• ashirk@gmail.com
  • Kijabe, Kenya
hospital
on cleaning. . .

on cleaning. . .

So the last 3 days, we have been preparing to move into our new NICU (tomorrow!). We have equipment from various decades in various states of repair or disrepair, and I wanted to take this opportunity to really clean and repair it before moving it into our shiny new NICU space. Our biomedical team is amazing at keeping things working, but sometimes I think we get used to it all looking less than perfect. Tomorrow’s move is a once in a decade opportunity to make things feel new again.

Last Friday, I spent 4 hours in the afternoon with our housekeeping team scrubbing 4 incubators – removing every bit of tape residue, every build up piece of rust, every old sticker, and removing dirt from every nook and every cranny (and there are A LOT). Every time we would think we were done, we would find another crack – and the more clean it got, the more the remaining dirt stood out. Altogether, it took 3 a cumulative 20 hours of work to restore them to nearly new looking. It was 45 degrees outside, so we had jackets and scarves, but it was all worth it when Pauline walked out and said “Wow, they look pristine. . . ” The mom’s walked back and forth past where we were, encouraging and chuckling at why I was out there in the cold.

Today, we finished rounds and I looked at my team of 18 people that were rounding with me – and we decided to finish the job. We had 6 more incubators, 3 resuscitates, 15 pumps, and 5 cots to clean. We started at 11 am and every one of us worked until 4:30 pm. We had washrags, and gauze and 4 kinds of soap, 18 gauge needles, tongue depressors, and a tremendous amount of meticulous attention.

At first, the team looked at me like I was slightly neurotic, but then one clinical officer joined me with similar attention to each tiny piece of tape residue. Then, as the minutes went on, one by one everyone joined us in the middle of the room. The atmosphere transformed with determination and laughter – we were on a hunt for hidden dirt and every one was excited to have their pump or incubator be the most pristine. Nursing students found new ways to get in hidden cracks, people ran to find mops and rags and buckets, 3 people worked at the sink on all the small parts. Not one person said that this job was not theirs. When I unscrewed one porthole to clean behind it, I looked up and the 4 people working with me had all unscrewed the correlating porthole on their side, and we scrubbed in tandem.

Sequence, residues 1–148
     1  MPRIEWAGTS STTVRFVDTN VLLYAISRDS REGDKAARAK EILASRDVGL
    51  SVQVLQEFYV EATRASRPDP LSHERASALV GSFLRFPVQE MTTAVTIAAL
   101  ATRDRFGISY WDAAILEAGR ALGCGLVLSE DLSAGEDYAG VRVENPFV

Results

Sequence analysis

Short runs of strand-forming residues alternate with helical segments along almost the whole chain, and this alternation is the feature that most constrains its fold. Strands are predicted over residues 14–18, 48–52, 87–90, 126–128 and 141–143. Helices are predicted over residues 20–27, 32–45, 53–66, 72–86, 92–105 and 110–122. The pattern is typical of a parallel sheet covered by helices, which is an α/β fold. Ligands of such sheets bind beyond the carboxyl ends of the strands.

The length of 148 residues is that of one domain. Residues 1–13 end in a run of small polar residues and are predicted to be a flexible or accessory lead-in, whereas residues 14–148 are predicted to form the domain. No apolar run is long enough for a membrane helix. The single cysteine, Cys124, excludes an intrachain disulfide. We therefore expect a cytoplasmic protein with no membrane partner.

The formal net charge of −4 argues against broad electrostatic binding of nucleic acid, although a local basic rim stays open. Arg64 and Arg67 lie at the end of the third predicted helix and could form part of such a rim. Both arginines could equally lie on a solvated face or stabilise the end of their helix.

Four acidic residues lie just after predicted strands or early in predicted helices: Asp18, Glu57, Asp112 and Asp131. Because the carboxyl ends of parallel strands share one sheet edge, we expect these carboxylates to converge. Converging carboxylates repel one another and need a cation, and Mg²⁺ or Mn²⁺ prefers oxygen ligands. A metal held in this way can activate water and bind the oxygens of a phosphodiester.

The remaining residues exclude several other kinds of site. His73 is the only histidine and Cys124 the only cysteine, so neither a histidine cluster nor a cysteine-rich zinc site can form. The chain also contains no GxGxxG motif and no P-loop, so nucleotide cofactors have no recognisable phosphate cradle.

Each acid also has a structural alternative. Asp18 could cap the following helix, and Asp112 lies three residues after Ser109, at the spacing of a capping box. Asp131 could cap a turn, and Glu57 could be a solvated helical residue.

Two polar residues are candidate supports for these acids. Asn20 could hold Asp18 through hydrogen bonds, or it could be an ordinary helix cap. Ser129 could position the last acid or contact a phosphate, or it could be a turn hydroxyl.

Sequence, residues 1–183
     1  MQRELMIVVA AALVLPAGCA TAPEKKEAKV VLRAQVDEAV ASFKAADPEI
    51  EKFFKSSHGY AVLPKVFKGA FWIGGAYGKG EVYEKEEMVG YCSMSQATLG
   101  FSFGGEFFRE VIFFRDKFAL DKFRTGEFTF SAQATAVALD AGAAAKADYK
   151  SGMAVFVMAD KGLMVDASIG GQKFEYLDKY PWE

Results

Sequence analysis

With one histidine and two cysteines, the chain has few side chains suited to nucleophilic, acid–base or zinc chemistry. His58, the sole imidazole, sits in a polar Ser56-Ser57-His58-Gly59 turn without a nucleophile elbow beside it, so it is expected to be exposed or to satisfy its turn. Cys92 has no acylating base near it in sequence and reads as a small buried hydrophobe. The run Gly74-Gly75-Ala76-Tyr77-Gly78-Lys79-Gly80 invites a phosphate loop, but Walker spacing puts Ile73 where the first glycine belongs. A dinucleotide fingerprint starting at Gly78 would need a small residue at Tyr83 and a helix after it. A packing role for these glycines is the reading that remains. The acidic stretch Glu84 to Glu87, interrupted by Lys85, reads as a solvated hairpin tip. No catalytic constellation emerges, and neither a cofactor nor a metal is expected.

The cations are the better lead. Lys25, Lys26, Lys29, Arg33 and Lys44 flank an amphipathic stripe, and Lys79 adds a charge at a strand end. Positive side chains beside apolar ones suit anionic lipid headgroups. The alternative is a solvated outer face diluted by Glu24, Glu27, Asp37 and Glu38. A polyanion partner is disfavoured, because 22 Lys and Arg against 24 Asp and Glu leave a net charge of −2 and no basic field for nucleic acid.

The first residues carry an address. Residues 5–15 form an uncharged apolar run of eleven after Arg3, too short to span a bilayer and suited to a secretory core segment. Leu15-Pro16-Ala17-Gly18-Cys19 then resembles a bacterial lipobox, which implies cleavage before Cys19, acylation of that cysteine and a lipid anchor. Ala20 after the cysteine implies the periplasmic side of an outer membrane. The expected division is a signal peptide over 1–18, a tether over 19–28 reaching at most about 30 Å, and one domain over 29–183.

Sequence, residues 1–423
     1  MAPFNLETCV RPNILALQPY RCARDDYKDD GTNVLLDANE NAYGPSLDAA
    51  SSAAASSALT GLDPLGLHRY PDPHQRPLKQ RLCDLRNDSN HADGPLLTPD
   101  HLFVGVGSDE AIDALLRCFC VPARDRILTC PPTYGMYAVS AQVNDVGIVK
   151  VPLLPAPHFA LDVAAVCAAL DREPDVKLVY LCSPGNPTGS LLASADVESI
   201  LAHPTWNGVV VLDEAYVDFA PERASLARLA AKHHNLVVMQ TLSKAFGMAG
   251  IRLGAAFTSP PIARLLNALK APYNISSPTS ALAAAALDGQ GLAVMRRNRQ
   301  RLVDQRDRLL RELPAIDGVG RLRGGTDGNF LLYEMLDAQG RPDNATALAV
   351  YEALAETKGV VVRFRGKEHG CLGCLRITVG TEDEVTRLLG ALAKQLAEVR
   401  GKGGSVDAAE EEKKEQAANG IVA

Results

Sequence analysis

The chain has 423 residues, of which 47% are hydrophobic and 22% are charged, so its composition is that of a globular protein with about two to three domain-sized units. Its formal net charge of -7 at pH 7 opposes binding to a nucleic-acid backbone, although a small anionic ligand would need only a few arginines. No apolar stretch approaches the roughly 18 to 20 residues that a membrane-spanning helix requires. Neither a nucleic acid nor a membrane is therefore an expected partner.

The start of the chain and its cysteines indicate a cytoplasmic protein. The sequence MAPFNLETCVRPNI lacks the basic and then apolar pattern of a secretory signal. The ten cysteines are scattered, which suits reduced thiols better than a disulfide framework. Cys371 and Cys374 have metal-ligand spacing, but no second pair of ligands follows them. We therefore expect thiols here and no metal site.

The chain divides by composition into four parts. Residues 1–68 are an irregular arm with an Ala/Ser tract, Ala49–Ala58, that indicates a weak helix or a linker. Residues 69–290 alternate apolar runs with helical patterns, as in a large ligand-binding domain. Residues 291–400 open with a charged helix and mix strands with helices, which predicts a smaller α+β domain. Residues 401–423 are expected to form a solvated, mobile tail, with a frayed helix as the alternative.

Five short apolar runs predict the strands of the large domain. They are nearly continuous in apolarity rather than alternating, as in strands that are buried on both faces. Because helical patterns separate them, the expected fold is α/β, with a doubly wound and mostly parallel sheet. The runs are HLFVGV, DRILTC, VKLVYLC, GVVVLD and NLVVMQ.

The room was the best kind of chaos as everyone double checked each other. We printed out labels to confirm what had been cleaned and cheers went up every time a new piece joined the shelf of truly restored equipment. We have done this in small bursts before, but never with the teamwork and contagious insistence I experienced today – it started with me, but it finished better than I could have imagined because of the dedication in the room.

In the end, I hope it is a day every student remembers – not just for the infection control (which was my original purpose), but in the determined and gentle pursuit of excellence in small things, for the power of team work and shared enthusiasm, and the realization that is is possible to take 10 years off the life of an incubator with a little bit of elbow grease :).

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